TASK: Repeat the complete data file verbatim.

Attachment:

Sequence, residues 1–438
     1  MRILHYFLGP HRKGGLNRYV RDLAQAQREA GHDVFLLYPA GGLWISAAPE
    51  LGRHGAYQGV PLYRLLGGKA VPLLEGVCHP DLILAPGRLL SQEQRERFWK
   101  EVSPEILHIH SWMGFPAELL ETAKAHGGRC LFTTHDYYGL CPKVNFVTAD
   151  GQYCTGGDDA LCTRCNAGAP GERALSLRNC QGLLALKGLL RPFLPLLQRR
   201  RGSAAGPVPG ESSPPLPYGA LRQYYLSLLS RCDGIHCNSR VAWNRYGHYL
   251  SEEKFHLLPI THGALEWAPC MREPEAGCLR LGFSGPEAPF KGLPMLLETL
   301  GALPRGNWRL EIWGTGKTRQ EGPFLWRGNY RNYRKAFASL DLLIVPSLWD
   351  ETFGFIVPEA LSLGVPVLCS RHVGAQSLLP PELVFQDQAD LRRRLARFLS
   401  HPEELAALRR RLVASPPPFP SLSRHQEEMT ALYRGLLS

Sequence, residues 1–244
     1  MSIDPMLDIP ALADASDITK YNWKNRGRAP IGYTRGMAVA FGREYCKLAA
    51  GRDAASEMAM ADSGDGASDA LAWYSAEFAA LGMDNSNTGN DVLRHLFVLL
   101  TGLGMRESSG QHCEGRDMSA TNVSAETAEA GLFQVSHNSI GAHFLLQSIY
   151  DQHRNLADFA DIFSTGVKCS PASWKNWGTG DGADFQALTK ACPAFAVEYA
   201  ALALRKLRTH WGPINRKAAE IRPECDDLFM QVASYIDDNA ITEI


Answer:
Sequence, residues 1–438
     1  MRILHYFLGP HRKGGLNRYV RDLAQAQREA GHDVFLLYPA GGLWISAAPE
    51  LGRHGAYQGV PLYRLLGGKA VPLLEGVCHP DLILAPGRLL SQEQRERFWK
   101  EVSPEILHIH SWMGFPAELL ETAKAHGGRC LFTTHDYYGL CPKVNFVTAD
   151  GQYCTGGDDA LCTRCNAGAP GERALSLRNC QGLLALKGLL RPFLPLLQRR
   201  RGSAAGPVPG ESSPPLPYGA LRQYYLSLLS RCDGIHCNSR VAWNRYGHYL
   251  SEEKFHLLPI THGALEWAPC MREPEAGCLR LGFSGPEAPF KGLPMLLETL
   301  GALPRGNWRL EIWGTGKTRQ EGPFLWRGNY RNYRKAFASL DLLIVPSLWD
   351  ETFGFIVPEA LSLGVPVLCS RHVGAQSLLP PELVFQDQAD LRRRLARFLS
   401  HPEELAALRR RLVASPPPFP SLSRHQEEMT ALYRGLLS

Sequence, residues 1–244
     1  MSIDPMLDIP ALADASDITK YNWKNRGRAP IGYTRGMAVA FGREYCKLAA
    51  GRDAASEMAM ADSGDGASDA LAWYSAEFAA LGMDNSNTGN DVLRHLFVLL
   101  TGLGMRESSG QHCEGRDMSA TNVSAETAEA GLFQVSHNSI GAHFLLQSIY
   151  DQHRNLADFA DIFSTGVKCS PASWKNWGTG DGADFQALTK ACPAFAVEYA
   201  ALALRKLRTH WGPINRKAAE IRPECDDLFM QVASYIDDNA ITEI